Fernworthy – The season finished with some hard fishing – a few fish were seen to rise but without much consistency (several were taken on Black Gnats and Sedgehogs). Subsurface nymphs and spiders fished on floating lines caught fish, but nothing of any great size, with the South Bank, Lowton Bay and Thornworthy producing the best sport.

Roadford – The fishing at Roadford continued to be truly outstanding, both for brown trout and perch from the boat, and just continued to improve throughout the month. Weekly trout rod averages started the month at four fish per anglers, steadily rising to over nine fish per rod by the end of the season. Cornish angler Roger Truscott banked 20 fish in one visit, including one of the best of the season – a grown-on brownie of 3lb, while Dean Boucher caught 51 fish up to 2lb 4oz in three visits, fishing from the bank. Both boat and bank anglers enjoyed some excellent sport, with fish being caught on a variety of dry patterns (Klinkhammers, Midges and Foam Beetles), wets (Pheasant Tails, Spiders, Soldier Palmers and Zulus) and lures (Tadpoles and Black Nomads), from locations all over the lake. Targeted boat fishing for perch resulted in plenty of fish being caught, the best day being enjoyed by John Deprieelle, catching four fish over three pounds and losing an even bigger one.

South West Lakes Trust Trout Fisheries Report September 2020

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South West Lakes Trust Trout Fisheries Report

September 2020

Boat and bank fishing is currently available to anglers, with day tickets on sale through the South West Lakes website or via the telephone (01566 771930). Most of the self-service permit huts are now open, but anglers should confirm this before buying tickets on site. Certain restrictions continue to operate and, before fishing, anglers are asked to read the latest Angling Trust advice with regard to health and social distancing. Information is also available on the South West Lakes website – www.swlakesfishing.co.uk.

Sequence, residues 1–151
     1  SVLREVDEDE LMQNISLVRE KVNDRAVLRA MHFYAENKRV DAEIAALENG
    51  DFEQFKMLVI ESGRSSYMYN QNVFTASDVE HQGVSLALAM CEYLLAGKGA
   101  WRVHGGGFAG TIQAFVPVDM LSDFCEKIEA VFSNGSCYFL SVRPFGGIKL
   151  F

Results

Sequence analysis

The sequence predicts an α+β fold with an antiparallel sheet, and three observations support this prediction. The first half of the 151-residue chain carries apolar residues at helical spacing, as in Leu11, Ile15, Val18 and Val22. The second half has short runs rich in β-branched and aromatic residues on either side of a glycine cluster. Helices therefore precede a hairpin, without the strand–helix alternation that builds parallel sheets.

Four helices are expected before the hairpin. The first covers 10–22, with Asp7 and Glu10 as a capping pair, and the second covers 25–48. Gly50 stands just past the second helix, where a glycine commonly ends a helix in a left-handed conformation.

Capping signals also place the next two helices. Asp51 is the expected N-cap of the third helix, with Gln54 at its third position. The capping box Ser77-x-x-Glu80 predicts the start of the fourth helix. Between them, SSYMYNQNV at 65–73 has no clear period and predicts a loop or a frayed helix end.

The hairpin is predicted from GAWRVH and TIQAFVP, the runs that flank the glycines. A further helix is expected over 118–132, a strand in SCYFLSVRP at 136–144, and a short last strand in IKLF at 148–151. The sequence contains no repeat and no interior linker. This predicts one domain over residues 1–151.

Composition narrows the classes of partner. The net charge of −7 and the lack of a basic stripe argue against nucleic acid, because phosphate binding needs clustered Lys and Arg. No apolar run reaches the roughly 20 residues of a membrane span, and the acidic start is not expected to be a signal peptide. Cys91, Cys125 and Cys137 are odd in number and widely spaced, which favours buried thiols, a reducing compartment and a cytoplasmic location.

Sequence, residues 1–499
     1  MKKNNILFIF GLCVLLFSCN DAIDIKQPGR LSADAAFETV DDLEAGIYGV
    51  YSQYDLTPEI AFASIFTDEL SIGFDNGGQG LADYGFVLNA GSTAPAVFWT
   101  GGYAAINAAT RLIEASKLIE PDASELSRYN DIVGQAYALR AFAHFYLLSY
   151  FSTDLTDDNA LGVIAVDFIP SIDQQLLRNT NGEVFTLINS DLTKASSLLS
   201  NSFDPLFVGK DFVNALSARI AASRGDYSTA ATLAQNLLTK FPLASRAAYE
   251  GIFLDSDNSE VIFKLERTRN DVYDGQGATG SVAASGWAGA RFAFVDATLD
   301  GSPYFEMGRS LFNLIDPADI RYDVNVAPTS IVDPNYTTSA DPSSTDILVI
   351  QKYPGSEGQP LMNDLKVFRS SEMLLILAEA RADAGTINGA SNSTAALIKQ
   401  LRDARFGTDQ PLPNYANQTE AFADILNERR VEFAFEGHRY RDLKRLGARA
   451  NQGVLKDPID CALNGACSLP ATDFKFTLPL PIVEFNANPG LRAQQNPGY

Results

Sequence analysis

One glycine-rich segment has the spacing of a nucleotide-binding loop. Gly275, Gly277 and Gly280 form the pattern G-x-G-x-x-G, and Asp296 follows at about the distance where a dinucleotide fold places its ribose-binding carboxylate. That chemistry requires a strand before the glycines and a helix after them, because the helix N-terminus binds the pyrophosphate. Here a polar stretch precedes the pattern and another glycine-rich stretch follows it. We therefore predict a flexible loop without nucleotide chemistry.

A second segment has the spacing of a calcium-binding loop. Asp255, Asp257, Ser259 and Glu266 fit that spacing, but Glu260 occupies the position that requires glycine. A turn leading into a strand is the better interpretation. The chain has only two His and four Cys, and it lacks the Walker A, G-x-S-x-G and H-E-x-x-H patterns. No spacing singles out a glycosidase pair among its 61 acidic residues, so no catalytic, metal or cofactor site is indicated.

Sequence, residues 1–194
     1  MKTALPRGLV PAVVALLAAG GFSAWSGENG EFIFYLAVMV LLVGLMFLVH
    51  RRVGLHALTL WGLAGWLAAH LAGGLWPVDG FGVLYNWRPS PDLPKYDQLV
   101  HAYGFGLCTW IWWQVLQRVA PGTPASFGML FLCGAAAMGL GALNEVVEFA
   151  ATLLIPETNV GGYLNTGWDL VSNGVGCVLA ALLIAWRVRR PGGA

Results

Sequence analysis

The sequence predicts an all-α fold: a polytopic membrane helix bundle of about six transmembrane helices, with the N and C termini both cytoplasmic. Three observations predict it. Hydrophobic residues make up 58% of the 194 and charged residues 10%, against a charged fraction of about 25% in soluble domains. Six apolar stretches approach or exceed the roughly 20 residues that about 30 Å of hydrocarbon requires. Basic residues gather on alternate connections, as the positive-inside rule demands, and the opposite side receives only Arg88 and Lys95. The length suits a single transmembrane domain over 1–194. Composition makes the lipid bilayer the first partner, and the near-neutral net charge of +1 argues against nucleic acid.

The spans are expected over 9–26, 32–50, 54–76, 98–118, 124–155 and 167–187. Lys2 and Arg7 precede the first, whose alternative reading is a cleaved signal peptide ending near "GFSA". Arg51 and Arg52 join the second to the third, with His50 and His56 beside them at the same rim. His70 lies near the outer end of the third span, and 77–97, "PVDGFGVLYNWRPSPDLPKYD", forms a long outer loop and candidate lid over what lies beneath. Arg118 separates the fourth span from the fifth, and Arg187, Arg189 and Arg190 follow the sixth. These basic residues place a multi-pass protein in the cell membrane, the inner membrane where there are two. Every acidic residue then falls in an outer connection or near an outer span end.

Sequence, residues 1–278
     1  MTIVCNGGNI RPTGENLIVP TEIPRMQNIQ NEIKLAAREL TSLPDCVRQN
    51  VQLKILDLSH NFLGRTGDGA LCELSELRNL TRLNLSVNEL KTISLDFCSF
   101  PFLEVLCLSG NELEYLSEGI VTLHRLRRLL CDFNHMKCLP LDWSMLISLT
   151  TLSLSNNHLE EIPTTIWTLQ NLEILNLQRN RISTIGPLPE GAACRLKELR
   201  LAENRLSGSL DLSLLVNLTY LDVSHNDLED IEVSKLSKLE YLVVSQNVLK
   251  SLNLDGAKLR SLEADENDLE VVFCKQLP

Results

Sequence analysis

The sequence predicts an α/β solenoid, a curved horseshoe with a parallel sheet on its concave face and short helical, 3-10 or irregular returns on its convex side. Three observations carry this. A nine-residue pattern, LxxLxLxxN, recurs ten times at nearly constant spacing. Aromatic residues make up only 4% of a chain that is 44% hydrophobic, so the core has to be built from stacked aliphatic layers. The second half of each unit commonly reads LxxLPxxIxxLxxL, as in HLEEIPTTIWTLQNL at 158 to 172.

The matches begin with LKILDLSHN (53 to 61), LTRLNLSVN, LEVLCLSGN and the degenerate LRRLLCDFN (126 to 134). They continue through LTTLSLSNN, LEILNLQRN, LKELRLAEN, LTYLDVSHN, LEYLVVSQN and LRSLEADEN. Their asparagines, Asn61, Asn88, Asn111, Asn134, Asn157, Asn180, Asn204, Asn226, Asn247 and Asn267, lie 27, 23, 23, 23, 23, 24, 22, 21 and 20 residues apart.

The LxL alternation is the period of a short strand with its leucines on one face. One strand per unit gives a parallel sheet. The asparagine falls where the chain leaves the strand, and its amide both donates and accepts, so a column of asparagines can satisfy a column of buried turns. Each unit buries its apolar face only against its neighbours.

Where boats are available, these should be pre-booked, and strict guidelines must be followed regarding their use (see website for details). Catch returns can be completed online, where the latest weekly catch reports will be available to view. The fishing has generally proved to be hard on the Rainbow waters, with the best results had where there are Brown Trout or other species which can be caught on a fly. Fish will now start to feed again more actively as the conditions cool down.

Kennick – High water temperatures have meant that generally the fish have stayed deep, with boat anglers enjoying the best sport, generally fishing over the deeper central water, using sinking line tactics with either Boobie patterns, shrimp or tadpoles. Bank anglers have caught fish using intermediate lines, particularly in Clampitts Bay, using Damsel Nymphs and Pheasant Tail Nymphs. Michael Herring (from Thurlstone) caught the best fish of the month – a 3lb 10oz Rainbow, as part of a bag of six fish using an orange shrimp on a sinking line fished from a boat. The ever-popular Peninsula Classic bank competition will be held at Kennick on 11 October this year – later than usual because of the Covid restrictions which were in place earlier in the season.

Siblyback –The hot conditions and water temperatures made the Trout lethargic and the fishing very challenging – however, now that temperatures have started to drop and freshly stocked fish are introduced to the water, the prospects for some exciting sport in late September and October are promising, with Stocky Bay and Crylla the best locations to try.

Stithians – The Rainbow Trout fishing has been difficult during the hot weather at Stithians, but anglers have still enjoyed some exiting sport with the resident Brown Trout, as well as with the Rudd, some of which have been caught up to 1lb, and which on lightweight tackle, provide a lively alternative to the regular Rainbows. Recommended patterns to try include Deer Hair Sedges, Daddies, Yellow Mayflies, Black Buzzers, Greenwell Spiders and Parachute Emergers, fished on floating lines.

Burrator – The fish have been down in the deep water and not enthusiastic to feed. The best results have been fishing from a boat with a sinking line, using a Boobie pattern. Early in the month, Matt Baines had an excellent day’s sport, catching nine fish from a boat in Longstone Bay, using boobies on a sunk line.

Colliford – The Brown Trout at Colliford provided some excellent and consistent sport throughout the month, with plenty of rising fish to dry patterns (Sedges, Black Bits, Hoppers

and Black Gnats) – sometimes cast to rising fish and sometimes catching when fishing blind on a ripple. Sub-surface feeders were taken on Hares Ear Nymphs, Black and Peacock Spiders, Zulus and Soldier Palmers. Phil Messenger-Rogers caught a 2lb Brownie, while Paul Ackland (from Plymouth) caught a bag of six fish, which also included a Brownie of 2lb, using a wet Black and Peacock variant and dry sedges.